Probably about ‘82, ’83 there was a big change of regime when Omnibus was virtually turned into a magazine programme. And the older film directors who would have been drawn towards Omnibus, as a more elevated sort of thing, they didn't have anywhere else to go really except Arena. So at that point its terms of reference expanded from the off the wall stuff, like Desert Island Discs or the Chelsea Hotel or whatever, to incorporating more serious, more straight films, and some big portraits: Borges, Burroughs. Alan steered that and it all took on more breadth. Also, we weren’t tied to the Anglo-American mainstream, we made films in Cuba and the Caribbean, Africa – especially South Africa, the Soviet Union and India. All of that sowed the seeds of the global aspirations which were fully developed later.
GT: In that early period from the late ‘70s into the early 1980s - those films are like 40 years old now, and aesthetically and thematically they have aged remarkably well. Do you agree, and if so, why do you think that is?
AW: I think the achievement I’m most proud of is that the films don’t date. I thought a lot about it, because at first I thought it was down to the aesthetic assiduousness that was brought to a lot of it - everybody was kind of quite up themselves to try and make things look as good as possible. But that couldn't be really the reason. I began to see it - you know the last few years I’ve been working on this mega project ‘Night and Day’, which is strictly from the Arena archive itself, conforming it so that it runs in exact synchronicity, parallel to a given day and place. So, I was going through the stuff in a different way, and I think what's happened is that there's been a massive shift in what has become mainstream ethical currency. So, LGBTQ, identity politics, nationality, race, class in a sense. And we were doing this right from the word ‘go’; and in those days you skated on thin ice when you were doing these things. It's just amazing if you look back at what critics were perfectly happy to say about something, or they would just ignore the film completely if it was about what became world music, or it was about a reggae poet. And we didn't do it because we had a kind of agenda from the Socialist Workers Party or something. It was, I think in different ways, all of us were just interested in those areas. And the culture of the music and arts department was kind of quite loose where sexuality was concerned – there were quite a few gay directors, producers, in the same way that would be in the theatre; it had the same kind of ambience. And so I think there's a certain moral position and commonality that even though the films were done by people who didn't necessarily get on with each other, but they all, I think, they all felt some kind of identity – identification - with what it seemed to represent.
GT: Throughout the life of Arena something that's notable is that it addressed all forms of culture. So high art, pop culture, folk culture as equally worth taking seriously. Around that time there were individuals such as Raymond Williams or Stuart Hall, that were saying, “culture is ordinary”. Was anyone in the office reading that kind of stuff, or did it emerge more organically?
AW: Yeah, organically. But we knew who those people were, obviously. Stuart Hall actually did do an Arena on Derek Walcott; it was axiomatic to me that it should be him that did the big conversation. That interest in high and low was also reflected in the fact that it wasn't a hive of Oxbridge people – I think there was me and Nigel Williams [that studied at Oxbridge] and that was it. I don’t think anybody else came from there. I think what we were doing, we were just going straight for it, and not feeling that it had to go through that kind of filter to get some kind of quasi-approval because those people were big time academics. It was more straightforward. I remember one departmental meeting with a distinguished producer, and something came up about the Rolling Stones, and this must have been ’84, ’85, and she said, “oh my goodness do we really have to, aren’t there other departments that deal with this kind of thing?”. And you’re thinking the Stones have now been going, what twenty odd years. They are clearly among the most famous people that ever lived. So, there was a bit of that. And our attitude was “who cares, we’re going to do it”.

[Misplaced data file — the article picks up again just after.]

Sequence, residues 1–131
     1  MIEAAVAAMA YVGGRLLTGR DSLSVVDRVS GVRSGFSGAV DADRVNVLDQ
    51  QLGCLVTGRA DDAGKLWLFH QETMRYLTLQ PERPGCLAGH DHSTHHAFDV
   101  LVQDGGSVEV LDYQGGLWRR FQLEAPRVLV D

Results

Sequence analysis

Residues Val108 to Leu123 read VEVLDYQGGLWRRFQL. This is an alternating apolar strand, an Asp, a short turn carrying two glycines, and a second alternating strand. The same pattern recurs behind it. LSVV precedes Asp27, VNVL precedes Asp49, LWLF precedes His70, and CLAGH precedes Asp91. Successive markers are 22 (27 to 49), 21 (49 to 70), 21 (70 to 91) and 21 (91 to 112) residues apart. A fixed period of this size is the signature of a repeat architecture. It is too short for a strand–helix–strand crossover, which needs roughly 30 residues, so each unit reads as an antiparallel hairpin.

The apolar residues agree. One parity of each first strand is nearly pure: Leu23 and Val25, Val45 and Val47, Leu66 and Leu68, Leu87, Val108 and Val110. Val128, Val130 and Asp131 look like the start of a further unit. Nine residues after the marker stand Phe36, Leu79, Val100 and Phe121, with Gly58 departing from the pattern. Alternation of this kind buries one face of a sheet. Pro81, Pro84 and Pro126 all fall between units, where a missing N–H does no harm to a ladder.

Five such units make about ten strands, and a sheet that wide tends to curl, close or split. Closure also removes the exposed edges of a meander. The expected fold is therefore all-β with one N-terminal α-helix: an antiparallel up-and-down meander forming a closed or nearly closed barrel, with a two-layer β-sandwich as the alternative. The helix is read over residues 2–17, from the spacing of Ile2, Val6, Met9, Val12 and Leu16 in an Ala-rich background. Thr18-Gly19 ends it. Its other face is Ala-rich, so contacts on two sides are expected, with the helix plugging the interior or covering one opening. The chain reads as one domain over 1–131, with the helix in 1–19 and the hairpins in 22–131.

GT: Related to that last question, a number of episodes of the show seem to actively relish blurring boundaries between high and low culture. I mean what kind of art show brings in retired bank robbers - I’m thinking John McVicar - to talk about culture?
AW: Well, none. Maybe in Tempo, I can imagine something like that might have happened in Tempo, occasionally. But I think it became almost like a recreation for us. People say, “well what is it exactly what is it you’re doing?”. And I think there still isn’t really a name for it, I mean they're not quite documentaries as such, they’re kind of ‘something’ - which is great. To me it's fantastic that there isn't a name for it, because you do your best work when you're not really sure when you're doing. And I had two things for it - one was: “what is the essence of an everyday household object seen from an unusual angle”; or the Radio Times billing should begin with the words “what do the following have in common?”. So, it’s John McVicar, John Betjeman and Alexie Sayle - the Ford Cortina is what they have in common. It's a way of being more like what life is like - which is it's random, but there are unifying principles. If you put those two things together, a randomness and a kind of consistency, whether its attitude or a style or whatever, but particularly attitude, then you have the most fantastic dialectic. Which will mean that if that’s your basic building block then fantastic degrees of tension, surprise, oddness, entertainment, or insight might come from the fact that you are indeed juxtaposing Dorothy Squires with George Brown. At completely the other end of the spectrum was when we did ‘Stories My Country Told Me’. Which took four individuals whose lives have been blighted by nationalist issues. And they all went on a journey: Eric Hobsawm, Desmond Tutu, Maxine Hong Kingston, and Eqbal Ahmad, who was Edward Said’s mentor, and two heavy duty academics. And they didn't know each other. And we intercut the stories - we could have just done them one-one-one. And that was working in exactly the same way as the Cortina and My Way were, but the subject matter was mega serious. And I'm not sure that we could have put something as complex and ambitious as that over three and a half hours if we hadn't had the previous experience of doing it with subjects that were more fun.